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  1. #1
    Join Date
    Sep. 18, 2008
    Posts
    231

    Default F.I.P. and RIP, Gorack

    I just lost my 10-month old monster kitten, whom we nicknamed "Gorack" for his cave-mannish smiting abilities, to F.I.P (feline infectious peritonitis). We put him to sleep on Saturday, after he had a precipitous 12 hour decline.

    Until recently, I knew nothing about this disease. I (used to) consider myself a fairly educated pet owner. F.I.P. is the DEVIL. It is hard to diagnose, extremely insidious (a mutated corona virus gets into white blood cells and the immune system goes haywire), and even if vets are able to diagnose it before a cat's death, there's not a damn thing anyone can do about it, other than a course of steroids. It is 100% fatal, both vets told me. Our vet told us it was the worst disease a cat could have.

    In our kitten's case, the only symptom for several weeks was a growing mass or tumor of some sort in his eye. He was totally healthy otherwise, so much so that he baffled the vet and the opthalmologist.

    We struggled with the idea of enucleation, given the fact that both vets thought he probably had FIP, but because he seemed so healthy we planned to go ahead with it this week and give him a chance.

    Gorack made the decision for us - in a short space of time, from Friday night to Saturday morning, he developed some wobbliness, virtually stopped playing, complained a whole lot about eye drops, pills, and being handled, and Saturday morning he began running a temperature and his eye looked AWFUL and was causing him discomfort. We took him in to our vet, and he agreed that euth. was the most humane course because all the symptoms now fit with F.I.P.

    And so we said goodbye to wee Gorack, the very definition of cool cat, he of waking-us-up-by-sticking-his-face-in-our mouths, or jumping on stomachs...he even awakened us as usual that fateful morning, and ate his breakfast with gusto. I’m glad that he died while he still had a decent quality of life, and that his suffering was short-lived.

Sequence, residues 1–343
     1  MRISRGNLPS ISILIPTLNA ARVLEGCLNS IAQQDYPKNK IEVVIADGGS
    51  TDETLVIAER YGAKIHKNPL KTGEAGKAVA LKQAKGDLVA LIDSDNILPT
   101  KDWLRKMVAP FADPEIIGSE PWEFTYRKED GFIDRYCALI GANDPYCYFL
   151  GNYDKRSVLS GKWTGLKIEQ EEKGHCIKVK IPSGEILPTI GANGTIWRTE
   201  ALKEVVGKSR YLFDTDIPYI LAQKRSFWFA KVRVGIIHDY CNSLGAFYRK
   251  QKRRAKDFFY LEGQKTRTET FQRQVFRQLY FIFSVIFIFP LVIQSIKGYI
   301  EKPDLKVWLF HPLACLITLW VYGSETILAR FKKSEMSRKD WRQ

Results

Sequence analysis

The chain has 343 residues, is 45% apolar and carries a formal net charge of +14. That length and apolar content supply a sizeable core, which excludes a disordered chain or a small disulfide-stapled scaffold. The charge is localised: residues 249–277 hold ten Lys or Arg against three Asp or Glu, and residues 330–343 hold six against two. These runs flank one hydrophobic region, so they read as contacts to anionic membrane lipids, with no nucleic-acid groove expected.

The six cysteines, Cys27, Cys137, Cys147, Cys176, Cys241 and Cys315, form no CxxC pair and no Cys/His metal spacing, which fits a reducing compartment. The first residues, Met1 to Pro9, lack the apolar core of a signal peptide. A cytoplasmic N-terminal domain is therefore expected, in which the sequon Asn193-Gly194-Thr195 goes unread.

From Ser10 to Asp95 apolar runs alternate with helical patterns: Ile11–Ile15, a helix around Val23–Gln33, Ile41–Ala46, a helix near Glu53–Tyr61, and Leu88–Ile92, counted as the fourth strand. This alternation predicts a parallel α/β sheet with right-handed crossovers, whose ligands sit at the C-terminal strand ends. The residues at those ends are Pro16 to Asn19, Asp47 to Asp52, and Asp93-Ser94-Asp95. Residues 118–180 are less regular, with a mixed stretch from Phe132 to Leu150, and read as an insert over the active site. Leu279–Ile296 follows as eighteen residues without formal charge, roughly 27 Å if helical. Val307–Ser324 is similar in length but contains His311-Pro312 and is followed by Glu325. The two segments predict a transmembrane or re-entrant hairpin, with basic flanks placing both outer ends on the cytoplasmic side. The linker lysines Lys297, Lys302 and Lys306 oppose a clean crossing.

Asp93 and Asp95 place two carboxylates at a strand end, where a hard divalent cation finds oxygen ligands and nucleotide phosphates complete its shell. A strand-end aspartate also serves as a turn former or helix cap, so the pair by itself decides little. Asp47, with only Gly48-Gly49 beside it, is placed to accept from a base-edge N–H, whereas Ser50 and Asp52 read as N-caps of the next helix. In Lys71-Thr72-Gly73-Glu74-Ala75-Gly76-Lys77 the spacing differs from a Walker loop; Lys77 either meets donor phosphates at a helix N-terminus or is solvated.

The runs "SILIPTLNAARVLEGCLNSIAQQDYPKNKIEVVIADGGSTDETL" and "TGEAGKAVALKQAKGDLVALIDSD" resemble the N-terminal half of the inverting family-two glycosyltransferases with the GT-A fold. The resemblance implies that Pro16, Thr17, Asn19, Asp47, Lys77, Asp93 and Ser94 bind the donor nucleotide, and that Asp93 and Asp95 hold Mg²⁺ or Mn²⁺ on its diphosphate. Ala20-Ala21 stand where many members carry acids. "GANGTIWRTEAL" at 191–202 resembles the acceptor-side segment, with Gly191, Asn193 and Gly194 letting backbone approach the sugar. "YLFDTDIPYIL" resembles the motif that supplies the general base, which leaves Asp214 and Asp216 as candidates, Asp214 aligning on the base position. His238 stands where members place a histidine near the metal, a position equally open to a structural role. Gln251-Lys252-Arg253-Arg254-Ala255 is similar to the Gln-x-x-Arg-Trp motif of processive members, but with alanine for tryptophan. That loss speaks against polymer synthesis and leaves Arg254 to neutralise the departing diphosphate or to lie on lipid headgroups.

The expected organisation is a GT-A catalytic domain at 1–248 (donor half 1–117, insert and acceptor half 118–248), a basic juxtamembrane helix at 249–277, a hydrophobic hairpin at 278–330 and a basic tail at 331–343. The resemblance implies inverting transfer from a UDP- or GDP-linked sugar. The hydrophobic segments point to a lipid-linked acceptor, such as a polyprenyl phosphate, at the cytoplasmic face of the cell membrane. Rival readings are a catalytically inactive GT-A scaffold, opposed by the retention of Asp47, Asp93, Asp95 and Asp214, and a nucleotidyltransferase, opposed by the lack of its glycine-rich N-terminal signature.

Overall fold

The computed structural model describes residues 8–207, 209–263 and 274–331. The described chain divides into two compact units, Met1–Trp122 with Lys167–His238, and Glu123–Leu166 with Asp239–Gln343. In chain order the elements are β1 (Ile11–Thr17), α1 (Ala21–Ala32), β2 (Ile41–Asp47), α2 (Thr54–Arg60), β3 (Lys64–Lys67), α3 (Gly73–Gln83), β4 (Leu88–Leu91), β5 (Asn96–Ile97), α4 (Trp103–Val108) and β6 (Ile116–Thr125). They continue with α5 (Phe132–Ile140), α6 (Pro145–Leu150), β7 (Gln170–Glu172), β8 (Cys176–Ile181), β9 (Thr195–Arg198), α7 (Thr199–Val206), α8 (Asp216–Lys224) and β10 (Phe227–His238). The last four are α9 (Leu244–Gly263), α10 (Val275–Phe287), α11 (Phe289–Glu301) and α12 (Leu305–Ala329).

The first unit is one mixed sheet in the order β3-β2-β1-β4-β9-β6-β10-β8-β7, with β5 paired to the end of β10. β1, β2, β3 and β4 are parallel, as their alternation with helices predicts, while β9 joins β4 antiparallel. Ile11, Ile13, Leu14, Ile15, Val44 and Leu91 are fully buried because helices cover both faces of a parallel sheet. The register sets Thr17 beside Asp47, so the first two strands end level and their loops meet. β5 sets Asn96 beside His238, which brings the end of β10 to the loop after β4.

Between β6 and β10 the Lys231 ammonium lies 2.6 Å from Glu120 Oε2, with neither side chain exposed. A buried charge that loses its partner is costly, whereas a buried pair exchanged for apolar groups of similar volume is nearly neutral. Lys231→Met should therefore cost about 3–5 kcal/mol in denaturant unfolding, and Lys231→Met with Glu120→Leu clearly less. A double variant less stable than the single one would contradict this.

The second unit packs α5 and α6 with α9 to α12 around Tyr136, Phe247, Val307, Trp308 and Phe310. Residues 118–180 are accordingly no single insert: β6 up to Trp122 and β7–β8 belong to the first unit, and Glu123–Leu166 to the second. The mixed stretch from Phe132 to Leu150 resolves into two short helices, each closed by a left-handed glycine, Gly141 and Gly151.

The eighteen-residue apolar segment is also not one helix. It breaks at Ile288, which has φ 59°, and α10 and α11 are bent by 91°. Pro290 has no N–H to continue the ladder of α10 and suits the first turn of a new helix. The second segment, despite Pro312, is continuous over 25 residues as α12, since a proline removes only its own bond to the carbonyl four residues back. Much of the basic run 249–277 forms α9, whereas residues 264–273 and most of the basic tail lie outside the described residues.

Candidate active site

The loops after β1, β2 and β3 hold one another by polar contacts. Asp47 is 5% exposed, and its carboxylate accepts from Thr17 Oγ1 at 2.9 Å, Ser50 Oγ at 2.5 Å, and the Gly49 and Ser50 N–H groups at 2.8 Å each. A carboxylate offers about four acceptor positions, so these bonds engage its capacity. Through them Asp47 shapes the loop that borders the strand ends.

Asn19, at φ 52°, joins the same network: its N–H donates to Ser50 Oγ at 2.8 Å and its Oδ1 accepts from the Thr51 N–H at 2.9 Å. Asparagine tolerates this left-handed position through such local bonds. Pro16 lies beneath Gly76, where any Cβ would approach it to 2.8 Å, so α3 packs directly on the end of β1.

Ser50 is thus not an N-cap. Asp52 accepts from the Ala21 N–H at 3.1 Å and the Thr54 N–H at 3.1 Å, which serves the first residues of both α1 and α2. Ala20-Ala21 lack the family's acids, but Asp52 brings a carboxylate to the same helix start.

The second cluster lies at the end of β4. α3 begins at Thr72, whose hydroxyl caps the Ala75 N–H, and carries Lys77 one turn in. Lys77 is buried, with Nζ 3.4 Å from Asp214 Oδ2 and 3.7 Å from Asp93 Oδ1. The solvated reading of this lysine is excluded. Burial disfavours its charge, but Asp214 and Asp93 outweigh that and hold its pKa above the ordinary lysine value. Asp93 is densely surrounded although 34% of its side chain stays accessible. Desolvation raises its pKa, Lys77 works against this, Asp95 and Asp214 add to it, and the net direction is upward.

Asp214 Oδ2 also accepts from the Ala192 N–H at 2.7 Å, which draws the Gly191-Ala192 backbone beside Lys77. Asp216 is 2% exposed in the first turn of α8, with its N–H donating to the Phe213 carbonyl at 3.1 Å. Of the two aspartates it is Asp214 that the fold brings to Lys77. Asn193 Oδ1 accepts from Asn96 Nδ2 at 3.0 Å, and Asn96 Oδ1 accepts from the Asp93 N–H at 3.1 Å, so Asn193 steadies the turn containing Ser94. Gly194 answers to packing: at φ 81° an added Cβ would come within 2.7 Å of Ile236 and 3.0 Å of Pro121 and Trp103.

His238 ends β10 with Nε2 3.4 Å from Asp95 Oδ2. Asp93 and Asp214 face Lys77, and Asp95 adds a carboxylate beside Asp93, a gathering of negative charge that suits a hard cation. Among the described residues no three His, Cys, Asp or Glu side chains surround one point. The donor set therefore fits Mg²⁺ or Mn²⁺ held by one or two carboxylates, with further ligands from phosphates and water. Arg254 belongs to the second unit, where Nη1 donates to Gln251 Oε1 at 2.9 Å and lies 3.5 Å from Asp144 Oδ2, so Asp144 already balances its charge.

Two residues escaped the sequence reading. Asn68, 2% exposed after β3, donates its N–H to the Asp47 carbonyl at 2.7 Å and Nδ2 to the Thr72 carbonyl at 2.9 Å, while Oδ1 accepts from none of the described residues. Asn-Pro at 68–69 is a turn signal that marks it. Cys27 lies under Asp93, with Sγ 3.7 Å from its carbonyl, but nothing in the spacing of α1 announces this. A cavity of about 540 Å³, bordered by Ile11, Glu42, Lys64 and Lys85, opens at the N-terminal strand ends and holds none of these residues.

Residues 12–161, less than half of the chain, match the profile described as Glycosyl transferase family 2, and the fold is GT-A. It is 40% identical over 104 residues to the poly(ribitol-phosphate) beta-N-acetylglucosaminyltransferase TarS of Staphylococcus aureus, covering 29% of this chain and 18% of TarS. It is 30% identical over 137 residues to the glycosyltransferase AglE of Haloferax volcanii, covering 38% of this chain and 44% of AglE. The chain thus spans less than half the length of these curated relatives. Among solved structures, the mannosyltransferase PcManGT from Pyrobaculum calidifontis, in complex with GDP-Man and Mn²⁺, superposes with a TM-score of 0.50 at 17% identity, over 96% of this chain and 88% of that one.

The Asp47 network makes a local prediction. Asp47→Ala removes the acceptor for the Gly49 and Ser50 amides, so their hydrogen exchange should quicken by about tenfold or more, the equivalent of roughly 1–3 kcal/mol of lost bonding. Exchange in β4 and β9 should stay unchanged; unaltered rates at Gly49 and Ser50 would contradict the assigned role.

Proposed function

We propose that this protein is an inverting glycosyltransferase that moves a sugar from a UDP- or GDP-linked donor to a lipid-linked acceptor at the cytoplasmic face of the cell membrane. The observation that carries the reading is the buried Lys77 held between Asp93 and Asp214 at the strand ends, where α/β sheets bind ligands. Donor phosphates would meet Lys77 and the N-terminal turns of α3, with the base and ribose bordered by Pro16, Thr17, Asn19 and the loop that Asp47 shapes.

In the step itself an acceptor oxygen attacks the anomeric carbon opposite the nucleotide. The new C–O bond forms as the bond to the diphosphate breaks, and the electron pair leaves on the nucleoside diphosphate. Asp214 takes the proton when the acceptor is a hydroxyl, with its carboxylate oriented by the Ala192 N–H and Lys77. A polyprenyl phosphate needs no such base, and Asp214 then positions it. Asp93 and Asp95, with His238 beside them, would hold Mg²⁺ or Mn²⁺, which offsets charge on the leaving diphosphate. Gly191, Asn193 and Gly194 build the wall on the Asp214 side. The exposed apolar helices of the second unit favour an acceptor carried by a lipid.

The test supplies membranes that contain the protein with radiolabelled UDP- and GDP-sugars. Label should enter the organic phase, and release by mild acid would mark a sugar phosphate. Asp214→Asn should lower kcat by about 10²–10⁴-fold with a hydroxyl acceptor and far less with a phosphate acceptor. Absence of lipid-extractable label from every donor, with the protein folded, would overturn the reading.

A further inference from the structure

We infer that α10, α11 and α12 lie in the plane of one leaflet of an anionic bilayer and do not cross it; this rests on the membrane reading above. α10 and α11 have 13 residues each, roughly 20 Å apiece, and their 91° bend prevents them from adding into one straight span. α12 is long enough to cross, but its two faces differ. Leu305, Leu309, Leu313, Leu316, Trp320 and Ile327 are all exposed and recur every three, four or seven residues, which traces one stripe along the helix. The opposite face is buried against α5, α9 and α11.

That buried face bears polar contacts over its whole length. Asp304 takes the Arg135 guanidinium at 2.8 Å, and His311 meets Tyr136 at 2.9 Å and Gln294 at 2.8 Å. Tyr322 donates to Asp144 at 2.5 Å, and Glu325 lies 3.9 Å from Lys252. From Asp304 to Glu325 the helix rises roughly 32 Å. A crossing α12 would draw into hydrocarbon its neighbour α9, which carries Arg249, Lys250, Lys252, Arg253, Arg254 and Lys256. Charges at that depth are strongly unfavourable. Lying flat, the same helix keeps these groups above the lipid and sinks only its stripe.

Now I'm trying hard not to worry that FIP will 'get' his sister or mum (we are now down to two). I have no doubt they were exposed to the corona virus too - the question is will it mutate into FIP.

    Has anyone out there had any experience with FIP? If so, did your other cats come down with the virulent form of FIP? Did you take any precautions or make any cat-keeping changes? Did you draw titers instead of vaccinating/boostering?



  2. #2
    Join Date
    Sep. 20, 2010
    Location
    United States of Absurdistan
    Posts
    1,736

    Default

    I'm so sorry about your loss, and hope the other two avoid FIP.

    (((((Hugs)))))

    LBR
    I reject your reality, and substitute my own- Adam Savage

    R.I.P Ron Smith, you'll be greatly missed



  3. #3
    Join Date
    Mar. 26, 2005
    Location
    Back to Normal.. or as close as I'll ever get
    Posts
    9,483

    Default

    So sorry for your loss

    But thank you for enlightening me re: FIP
    *friend of bar.ka*RIP all my lovely boys, gone too soon:
    Steppin' Out 1988-2004
    Hey Vern! 1982-2009
    Cash's Bay Threat 1994-2009



  4. #4
    Join Date
    Apr. 29, 2006
    Location
    Evansville, Wisconsin
    Posts
    3,081

    Default

    I'm so sorry for your loss.

    I have no experence with F.I.P., but I do hope the rest of your kitties stay healthy.